Cracks appear in Brazil
As Brazil competes for international investment it is opening up its trove of pre-salt reserves to foreign majors
For years, international oil companies have come through Brazil with a common item at the top of their wish list: more access to the country's vast deep-water pre-salt reserves.
In October, they finally got what they wanted as Brazil's new president Michel Temer pushed through several pro-investor reforms. After a long and contentious debate, Brazilian lawmakers overturned a piece of 2010 legislation that required state-controlled Petrobras to hold at least an operating 30% stake in all of the country's pre-salt oil projects.
The rule had choked off foreign investment in the country's largest oilfields as companies weren't willing to pump billions of dollars into uncertain projects they didn't control. It had also become a millstone around Petrobras, posing huge logistical and operational difficulties and forcing the company to take on unsustainable levels of debt. As Petrobras's finances have worsened, more pre-salt projects have been delayed or shelved.
The pessimistic take on the changes is that it is too little too late. When the pre-salt legislation was enacted in 2010, oil prices were around $80 a barrel and foreign investors were beating a path to Brazil's newfound oil bounty. Today, not only are prices lower, but the emergence of US shale in the intervening years has shaken up the established oil order, likely pushing Brazilian deep water up the cost curve.
But a rosier scenario is equally plausible. The Opec agreement in Algiers has most likely put a floor under oil prices somewhere in the mid-$40s, if not higher. With the worst of the downturn almost certainly behind the industry, the oil majors could be looking for new growth opportunities.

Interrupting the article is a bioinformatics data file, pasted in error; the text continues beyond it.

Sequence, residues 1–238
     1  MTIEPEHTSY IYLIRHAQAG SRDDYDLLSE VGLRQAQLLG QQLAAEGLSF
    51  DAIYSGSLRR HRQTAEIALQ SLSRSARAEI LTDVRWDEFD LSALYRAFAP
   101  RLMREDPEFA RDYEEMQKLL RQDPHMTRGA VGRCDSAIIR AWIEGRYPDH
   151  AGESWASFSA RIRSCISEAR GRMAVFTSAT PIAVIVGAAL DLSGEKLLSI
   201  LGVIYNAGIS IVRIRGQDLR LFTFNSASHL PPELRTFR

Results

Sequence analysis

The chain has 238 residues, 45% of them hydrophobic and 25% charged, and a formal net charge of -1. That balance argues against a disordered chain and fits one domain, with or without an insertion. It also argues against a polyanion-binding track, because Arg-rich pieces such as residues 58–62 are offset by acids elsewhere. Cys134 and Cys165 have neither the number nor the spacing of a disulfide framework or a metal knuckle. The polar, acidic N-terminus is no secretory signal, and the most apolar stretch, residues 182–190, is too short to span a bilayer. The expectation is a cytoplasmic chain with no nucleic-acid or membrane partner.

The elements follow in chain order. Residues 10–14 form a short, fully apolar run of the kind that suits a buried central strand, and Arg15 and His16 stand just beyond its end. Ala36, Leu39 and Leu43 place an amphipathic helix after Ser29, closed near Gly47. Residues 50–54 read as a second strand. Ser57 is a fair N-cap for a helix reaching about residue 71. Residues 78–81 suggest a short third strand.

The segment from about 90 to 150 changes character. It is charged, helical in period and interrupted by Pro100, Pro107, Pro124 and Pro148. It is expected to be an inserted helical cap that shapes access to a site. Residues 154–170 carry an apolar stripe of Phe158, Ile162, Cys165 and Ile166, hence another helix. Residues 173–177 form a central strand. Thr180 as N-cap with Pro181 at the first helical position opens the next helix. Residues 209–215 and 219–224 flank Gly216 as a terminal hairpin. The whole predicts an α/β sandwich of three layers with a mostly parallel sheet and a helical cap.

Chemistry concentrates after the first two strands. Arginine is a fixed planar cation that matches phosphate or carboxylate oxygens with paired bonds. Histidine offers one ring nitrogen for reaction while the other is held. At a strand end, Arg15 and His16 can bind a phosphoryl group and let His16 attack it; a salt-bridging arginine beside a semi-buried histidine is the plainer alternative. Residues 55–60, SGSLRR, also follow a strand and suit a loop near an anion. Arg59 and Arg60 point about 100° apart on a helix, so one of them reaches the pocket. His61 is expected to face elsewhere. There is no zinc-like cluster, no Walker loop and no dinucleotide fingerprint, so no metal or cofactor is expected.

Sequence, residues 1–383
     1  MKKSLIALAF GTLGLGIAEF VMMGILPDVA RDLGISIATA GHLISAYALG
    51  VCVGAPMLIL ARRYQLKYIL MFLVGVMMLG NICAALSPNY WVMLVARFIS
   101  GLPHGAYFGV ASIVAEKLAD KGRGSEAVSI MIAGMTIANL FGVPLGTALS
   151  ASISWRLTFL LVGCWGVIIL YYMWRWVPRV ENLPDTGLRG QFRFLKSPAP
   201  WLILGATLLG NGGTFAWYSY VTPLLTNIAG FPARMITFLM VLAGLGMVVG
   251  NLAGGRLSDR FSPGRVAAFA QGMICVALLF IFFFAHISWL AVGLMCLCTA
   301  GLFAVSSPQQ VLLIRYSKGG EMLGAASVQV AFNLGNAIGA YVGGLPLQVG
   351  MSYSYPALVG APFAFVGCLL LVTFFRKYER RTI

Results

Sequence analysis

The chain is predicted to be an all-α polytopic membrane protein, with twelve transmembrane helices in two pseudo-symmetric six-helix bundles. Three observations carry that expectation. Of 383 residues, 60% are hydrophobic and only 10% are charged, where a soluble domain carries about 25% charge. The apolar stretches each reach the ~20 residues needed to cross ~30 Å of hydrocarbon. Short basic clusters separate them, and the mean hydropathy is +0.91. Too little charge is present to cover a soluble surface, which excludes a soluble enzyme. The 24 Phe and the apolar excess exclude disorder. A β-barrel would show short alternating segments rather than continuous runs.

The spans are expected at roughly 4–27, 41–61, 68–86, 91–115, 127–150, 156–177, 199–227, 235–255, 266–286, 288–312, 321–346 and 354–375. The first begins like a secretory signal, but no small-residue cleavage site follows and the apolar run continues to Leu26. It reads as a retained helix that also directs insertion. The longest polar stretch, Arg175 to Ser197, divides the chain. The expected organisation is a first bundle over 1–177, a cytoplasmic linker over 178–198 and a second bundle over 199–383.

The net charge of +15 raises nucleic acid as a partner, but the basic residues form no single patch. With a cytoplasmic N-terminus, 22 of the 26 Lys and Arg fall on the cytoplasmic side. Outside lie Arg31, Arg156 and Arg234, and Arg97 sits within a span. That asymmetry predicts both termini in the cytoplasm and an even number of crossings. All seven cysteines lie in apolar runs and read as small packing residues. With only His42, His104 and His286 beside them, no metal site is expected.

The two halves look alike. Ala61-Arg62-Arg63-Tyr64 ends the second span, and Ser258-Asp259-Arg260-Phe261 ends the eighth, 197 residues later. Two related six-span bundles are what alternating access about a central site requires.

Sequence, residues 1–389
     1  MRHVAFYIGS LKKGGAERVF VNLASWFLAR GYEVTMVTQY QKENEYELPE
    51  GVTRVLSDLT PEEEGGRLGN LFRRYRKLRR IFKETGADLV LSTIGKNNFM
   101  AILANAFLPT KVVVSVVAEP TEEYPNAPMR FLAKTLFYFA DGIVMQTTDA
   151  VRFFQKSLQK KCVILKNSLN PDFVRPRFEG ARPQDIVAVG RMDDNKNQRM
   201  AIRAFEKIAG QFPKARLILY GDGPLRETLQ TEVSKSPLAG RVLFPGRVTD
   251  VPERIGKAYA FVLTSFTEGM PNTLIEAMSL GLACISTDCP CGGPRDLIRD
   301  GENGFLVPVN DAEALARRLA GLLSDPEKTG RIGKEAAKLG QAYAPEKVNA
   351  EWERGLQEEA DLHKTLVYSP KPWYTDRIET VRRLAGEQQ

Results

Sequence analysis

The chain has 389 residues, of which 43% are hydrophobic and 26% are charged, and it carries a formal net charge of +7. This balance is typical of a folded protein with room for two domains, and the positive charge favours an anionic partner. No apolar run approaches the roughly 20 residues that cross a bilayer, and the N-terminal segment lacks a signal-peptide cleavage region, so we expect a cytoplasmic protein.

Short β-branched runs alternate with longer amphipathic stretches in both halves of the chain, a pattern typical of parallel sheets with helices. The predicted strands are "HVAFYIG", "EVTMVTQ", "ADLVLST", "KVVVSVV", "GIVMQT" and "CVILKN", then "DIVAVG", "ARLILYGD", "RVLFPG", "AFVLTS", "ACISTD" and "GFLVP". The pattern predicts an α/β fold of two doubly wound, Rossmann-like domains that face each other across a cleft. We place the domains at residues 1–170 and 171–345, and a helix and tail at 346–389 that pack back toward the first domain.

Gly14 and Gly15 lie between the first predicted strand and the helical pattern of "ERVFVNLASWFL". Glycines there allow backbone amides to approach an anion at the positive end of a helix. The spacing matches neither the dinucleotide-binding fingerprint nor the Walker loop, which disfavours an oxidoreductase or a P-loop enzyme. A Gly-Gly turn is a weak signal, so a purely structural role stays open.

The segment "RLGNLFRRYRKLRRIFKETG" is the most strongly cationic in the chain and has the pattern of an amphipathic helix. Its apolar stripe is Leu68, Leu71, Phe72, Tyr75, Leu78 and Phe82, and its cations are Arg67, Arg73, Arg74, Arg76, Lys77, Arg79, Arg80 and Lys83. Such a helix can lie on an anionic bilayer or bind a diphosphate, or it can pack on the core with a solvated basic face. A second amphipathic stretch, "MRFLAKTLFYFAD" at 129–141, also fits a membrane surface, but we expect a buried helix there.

At the very least, the changes coming out of Brazil will cause oil executives to take a fresh look at the country. "Our foreign ministry representation unit in Houston, in the very following day, received seven manifestations of interest from big companies," Petrobras's new chief executive Pedro Parente claimed in an interview with Bloomberg.
For companies looking to crack into the pre-salt, Petrobras will still be the first port of call. It has a substantial portfolio of pre-salt projects that are going nowhere fast, and with a divestiture target of $18bn by 2018 it is a motivated seller. Selling off assets is a centrepiece of chief executive Parente's plan to cut Petrobras's $125bn debt load. Likely candidates include the Buzios cluster of pre-salt fields, the Libra megaproject, and others that are in the early stages of development and still need significant investment.
The rule change also allows for a pre-salt licensing round in 2017. That auction could see highly prospective acreage around the established Carcará, Gato do Mato and Sapinhoá discoveries put up for bidding. To sweeten the terms for potential investors, Brazilian rule makers are also looking to reduce the country's onerous local-content requirements and cut hundreds of other restrictions out of a notoriously bloated regulatory regime.
While the pre-salt has been slower than expected, output is on the rise and the projects in production are for the most part living up to the hype. From virtually nothing just a few years ago, Petrobras reported pre-salt crude output in September of 1.17m barrels a day and the company claims that productivity is on the rise.
That companies already established in the pre-salt as Petrobras's junior partners appear to be keenest on new opportunities confirms the attractiveness. Statoil-among the largest foreign pre-salt stakeholders-bought a controlling stake in part of the Carcará find in July for $2.5bn. Portugal's Galp Energia, which has pinned its growth hopes largely to the pre-salt, signed a strategic alliance with Petrobras to deepen its ties with the country. Shell, which became Brazil's largest foreign producer when it acquired BG, has been coy on its plans, but the company's chief executive Ben van Beurden said it plans to up its involvement in the country. Others are sure to follow.